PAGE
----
Modcloth wants their models to look like real women
One more reason to heart Modcloth. The trendy, affordable site put out an open casting call for women of all shapes and sizes last week, urging interested models to post a selfie with the hashtag #fashiontruth.
The news comes on the heels of a very open letter the brand's co-founder Susan Gregg Koger wrote to the fashion industry, urging them to reevaluate the way they portray women.
A lack of diversity, unhealthy representations of the female shape and excessive retouching were just three critiques Koger had for her industry. But you know what they say, "talk is cheap," so Koger took things one step further and announced the open casting call after she released the letter.
So far, over 2,000 women have posted their #fashiontruth, and the number is growing by the day. In an age where many retailers just seem totally out of touch with the greater society's version of the truth, Modcloth's efforts to make all women feel beautiful are inspiring. And the brand is definitely no stranger to such initiatives, either. Modcloth recently announced its pledge to be 100 percent honest about their photoshopping practices and also released its findings in the "Truth in Fashion" report.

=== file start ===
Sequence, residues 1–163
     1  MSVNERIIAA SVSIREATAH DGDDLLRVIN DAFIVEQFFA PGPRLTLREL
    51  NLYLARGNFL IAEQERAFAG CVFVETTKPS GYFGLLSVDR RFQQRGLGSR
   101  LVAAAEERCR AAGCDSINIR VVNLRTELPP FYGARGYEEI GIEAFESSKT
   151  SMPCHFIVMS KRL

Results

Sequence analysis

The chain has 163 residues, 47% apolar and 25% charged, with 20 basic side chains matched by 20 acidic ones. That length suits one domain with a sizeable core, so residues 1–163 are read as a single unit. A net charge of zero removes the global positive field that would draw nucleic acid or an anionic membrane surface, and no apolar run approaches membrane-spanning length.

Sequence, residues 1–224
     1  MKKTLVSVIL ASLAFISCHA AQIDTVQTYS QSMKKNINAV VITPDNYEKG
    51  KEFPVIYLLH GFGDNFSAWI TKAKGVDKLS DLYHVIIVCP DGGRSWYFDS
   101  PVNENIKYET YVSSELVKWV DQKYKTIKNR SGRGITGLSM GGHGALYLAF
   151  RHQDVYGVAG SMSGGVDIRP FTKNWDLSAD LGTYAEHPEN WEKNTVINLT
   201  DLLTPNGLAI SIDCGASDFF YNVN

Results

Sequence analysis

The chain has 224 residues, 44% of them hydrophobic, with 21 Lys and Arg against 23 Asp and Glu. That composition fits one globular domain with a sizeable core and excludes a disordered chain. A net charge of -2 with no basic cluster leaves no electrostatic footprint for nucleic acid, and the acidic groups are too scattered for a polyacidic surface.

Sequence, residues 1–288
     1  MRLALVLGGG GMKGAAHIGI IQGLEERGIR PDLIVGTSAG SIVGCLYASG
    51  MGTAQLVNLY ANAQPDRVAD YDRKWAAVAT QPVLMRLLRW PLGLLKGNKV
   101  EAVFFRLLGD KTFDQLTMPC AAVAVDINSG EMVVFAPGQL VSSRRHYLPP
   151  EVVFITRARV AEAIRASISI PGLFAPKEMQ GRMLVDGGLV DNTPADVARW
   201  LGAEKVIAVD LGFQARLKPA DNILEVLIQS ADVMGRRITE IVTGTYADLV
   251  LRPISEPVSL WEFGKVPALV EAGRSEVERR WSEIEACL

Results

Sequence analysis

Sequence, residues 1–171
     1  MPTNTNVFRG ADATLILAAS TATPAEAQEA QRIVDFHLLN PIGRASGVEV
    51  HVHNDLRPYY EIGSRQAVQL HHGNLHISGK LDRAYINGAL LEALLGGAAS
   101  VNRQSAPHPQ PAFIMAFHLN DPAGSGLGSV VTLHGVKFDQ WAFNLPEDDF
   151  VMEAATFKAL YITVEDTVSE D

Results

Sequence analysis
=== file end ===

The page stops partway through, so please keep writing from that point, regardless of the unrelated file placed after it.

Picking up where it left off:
The report revealed that a mere 13 percent of women believe that real women are accurately portrayed in the fashion industry. And 68 percent of us are more likely to buy from a company that uses models of different sizes. Enlightening, right?
As a beauty and fashion editor and writer, I'm always looking for ways to present seasonal trends and collections in a way that invites women of all colors, shapes and styles in, but sadly the fashion industry at large often falls short in its portrayal of "real women."
Real women have curves, real women have flaws and maybe a bit of cellulite. Real women come in all colors and sizes. And they certainly don't want to feel isolated when they read a magazine or see an ad campaign with a one-size-or-color-fits-all kind of attitude.
So yeah, I'm absolutely thrilled to see how much Modcloth cares about the way women feel about themselves. If we had more brands like this step out and exhibit the type of bravery Koger and her team do, we just might be able to take this positive body image movement a bit further.